Get to Know Your Home's Electrical System
If you're building or remodeling, check out this expert advice on planning your home's electrical system.
The electrical system consists of the electrical service (the actual electricity supplied to your home), lighting outlets and various hardwired appliances. The electrical service must be sized to accommodate the lifestyle of the occupants, and is usually between 100 amps and 200 amps, though 400 amps for a very large home is common. An electrician installs the service, and may also install telephone and cable TV wires and, less frequently, security systems.
The electrical lines are run from the street to the meter box outside the home (the unit where your electricity is read to determine your electric utility bill), then through an exterior wall and directly into the electric panel board, which has switches (also known as breakers) to control the electricity in each room of your home. Here, the amps are divided up across circuits to provide various areas of the home with electricity. For example, of the 200 amps available in a home, the circuit for the living room may have 20 amps, the circuit for the bedroom may have 10 amps, and so on.
An electrical system is required by building code to protect you and your family. Some of the safety measures include:
- Circuit breakers prevent fires by cutting off the electricity supply to a certain area if the wires short out.
- Ground fault circuit interrupters (GFCI) in high-moisture areas such as kitchens, bathrooms, garages and pool areas protect occupants from electric shock by cutting off power to the circuit.
- Smoke alarms in each bedroom and in common spaces on each floor, like hallways, are hardwired to the electrical system and interconnected to each other to alert occupants of a fire. Most have battery backup as well.
Electrical systems also are regulated by an international and local building code. For example, electrical codes in some regions require wiring to be in flexible metal casing as an additional fire prevention measure. An electrical inspector must check the installation when the system is first being wired and again when the home is finished -- right before closing -- to ensure all codes are followed and the electrical system is safe for you and your family.
If you have specific needs, like a large audio/visual entertainment complex or a home office, ask your builder whether they offer advanced wiring systems, and what these systems include.
For example, a builder may offer an advanced wiring system that can handle specific electronic functions such as video and audio distribution. A gateway hub, or central distribution panel, acts as the distribution point for all incoming telephone, data, cable and satellite TV lines. Information is carried over high-speed, high-quality cabling, terminating in wallplates throughout the home. An advanced wiring system may also include dedicated voice, fax and computer modem lines to help you work at home.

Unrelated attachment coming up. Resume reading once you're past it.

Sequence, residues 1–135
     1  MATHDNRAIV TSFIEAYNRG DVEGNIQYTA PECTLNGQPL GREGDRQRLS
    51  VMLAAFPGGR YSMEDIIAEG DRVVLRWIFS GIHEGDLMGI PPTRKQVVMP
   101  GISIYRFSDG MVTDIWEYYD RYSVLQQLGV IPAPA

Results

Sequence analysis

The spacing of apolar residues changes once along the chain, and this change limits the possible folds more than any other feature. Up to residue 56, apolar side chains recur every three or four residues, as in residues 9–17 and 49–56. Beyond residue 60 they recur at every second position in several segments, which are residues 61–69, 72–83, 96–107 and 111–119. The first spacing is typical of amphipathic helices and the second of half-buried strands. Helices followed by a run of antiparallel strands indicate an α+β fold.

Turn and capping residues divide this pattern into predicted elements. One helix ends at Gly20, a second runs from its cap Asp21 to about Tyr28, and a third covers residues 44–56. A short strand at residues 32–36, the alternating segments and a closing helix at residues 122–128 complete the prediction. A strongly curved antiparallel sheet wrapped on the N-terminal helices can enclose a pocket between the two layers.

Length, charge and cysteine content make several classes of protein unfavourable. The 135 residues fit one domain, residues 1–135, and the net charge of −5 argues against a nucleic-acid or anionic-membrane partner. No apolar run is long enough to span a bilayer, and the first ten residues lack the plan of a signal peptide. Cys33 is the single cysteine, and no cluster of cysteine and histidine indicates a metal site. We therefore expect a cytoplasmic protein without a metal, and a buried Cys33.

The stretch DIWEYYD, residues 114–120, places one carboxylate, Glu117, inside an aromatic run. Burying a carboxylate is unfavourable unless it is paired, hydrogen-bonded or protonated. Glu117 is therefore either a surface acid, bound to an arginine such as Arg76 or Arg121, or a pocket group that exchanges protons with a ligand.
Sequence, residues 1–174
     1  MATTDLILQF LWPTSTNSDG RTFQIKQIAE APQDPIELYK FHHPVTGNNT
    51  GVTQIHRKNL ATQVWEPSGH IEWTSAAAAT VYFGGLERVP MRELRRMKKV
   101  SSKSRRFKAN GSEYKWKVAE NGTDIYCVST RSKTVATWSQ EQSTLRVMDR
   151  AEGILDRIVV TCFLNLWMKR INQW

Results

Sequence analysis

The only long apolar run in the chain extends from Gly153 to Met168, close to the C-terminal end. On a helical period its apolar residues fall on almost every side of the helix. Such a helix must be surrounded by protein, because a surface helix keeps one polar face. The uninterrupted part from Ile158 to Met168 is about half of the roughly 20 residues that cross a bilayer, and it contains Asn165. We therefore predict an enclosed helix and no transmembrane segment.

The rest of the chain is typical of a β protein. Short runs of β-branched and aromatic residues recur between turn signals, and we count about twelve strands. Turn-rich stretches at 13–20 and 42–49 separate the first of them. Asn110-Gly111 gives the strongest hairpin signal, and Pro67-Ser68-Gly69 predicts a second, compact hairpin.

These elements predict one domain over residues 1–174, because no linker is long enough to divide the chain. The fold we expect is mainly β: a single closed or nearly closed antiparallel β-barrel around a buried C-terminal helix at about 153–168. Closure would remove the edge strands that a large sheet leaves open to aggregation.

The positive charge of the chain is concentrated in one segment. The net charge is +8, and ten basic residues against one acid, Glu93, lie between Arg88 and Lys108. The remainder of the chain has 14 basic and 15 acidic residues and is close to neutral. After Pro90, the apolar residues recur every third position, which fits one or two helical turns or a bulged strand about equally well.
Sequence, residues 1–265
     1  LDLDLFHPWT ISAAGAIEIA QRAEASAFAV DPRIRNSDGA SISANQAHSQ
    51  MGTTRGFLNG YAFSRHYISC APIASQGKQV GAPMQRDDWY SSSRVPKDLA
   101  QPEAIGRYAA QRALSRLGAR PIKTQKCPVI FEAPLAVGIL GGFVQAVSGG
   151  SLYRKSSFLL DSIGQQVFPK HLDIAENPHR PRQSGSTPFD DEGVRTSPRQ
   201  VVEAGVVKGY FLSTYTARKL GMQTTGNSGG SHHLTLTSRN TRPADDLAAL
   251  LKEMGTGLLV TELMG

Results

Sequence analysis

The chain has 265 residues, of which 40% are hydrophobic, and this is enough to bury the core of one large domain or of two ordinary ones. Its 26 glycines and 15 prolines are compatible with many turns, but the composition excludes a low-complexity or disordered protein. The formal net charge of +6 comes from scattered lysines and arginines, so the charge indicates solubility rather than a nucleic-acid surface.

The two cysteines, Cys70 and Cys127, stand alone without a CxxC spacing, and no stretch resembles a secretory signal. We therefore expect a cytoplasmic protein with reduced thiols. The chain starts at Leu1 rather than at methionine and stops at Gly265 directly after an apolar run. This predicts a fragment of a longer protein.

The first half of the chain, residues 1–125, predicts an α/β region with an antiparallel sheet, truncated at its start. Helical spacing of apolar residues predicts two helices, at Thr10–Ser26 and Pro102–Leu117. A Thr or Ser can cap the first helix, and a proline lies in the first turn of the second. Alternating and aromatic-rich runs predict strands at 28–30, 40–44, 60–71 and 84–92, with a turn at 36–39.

Energy costs can be minimized through the use of a control system. With a control system, you can operate the heating, cooling and ventilation equipment from work or while on the road. In addition, you can program the operation of sprinklers or the pool. And lighting controls allow you to make your home look lived in when you're away.
Remember, don't assume the location of electrical outlets, communication wiring and lighting can't be changed. Also, know what options are available and which ones will work best for you. To be sure you're getting a quality electrical system that fits your lifestyle, follow these steps:
1. First, do your homework and think about how you'll use each of the rooms. Where will computers, televisions, audio systems and other electronic equipment be set up? Does anyone in your family have special needs for light switches? Switches located at a low height will work well for those in wheelchairs. Rooms for senior citizens or children may call for a lighted switch.
Don't forget about lighting. A good lighting design not only makes homes look better, but also makes you feel more comfortable. You've probably experienced this by adding your own desk and floor lamps to a room that only had a single overhead light.
2. Next, talk to your builder when your home is being designed. One good way to show your builder what you want is to walk through the home with them while the walls are open and tell them where you want electrical outlets and phone and cable lines. Walking through may give you a better perspective than reviewing the house plans on paper.
Walk through a model home with the builder and pay attention to the lighting in each room. For example, under-cabinet lighting in the kitchen is helpful for preparing food. Ask your builder if the lighting in that model home is standard. If not, does your builder offer upgrade packages for lighting and, if so, how much?
3. Also ask about lighting in garage and basement areas. Standard fixtures are incandescent. Fluorescent are more visually appealing, plus more efficient.
4. A final thing to consider is labeling the electrical panel. A clearly marked electrical panel is important for maintenance (e.g., when you have to fix a circuit breaker in little Billy's room). Before the electrician labels the box, you should tell your builder what you want to call each of the bedrooms, so there's no confusion about which rooms are which. This should be done after the home is finished but before the final inspection.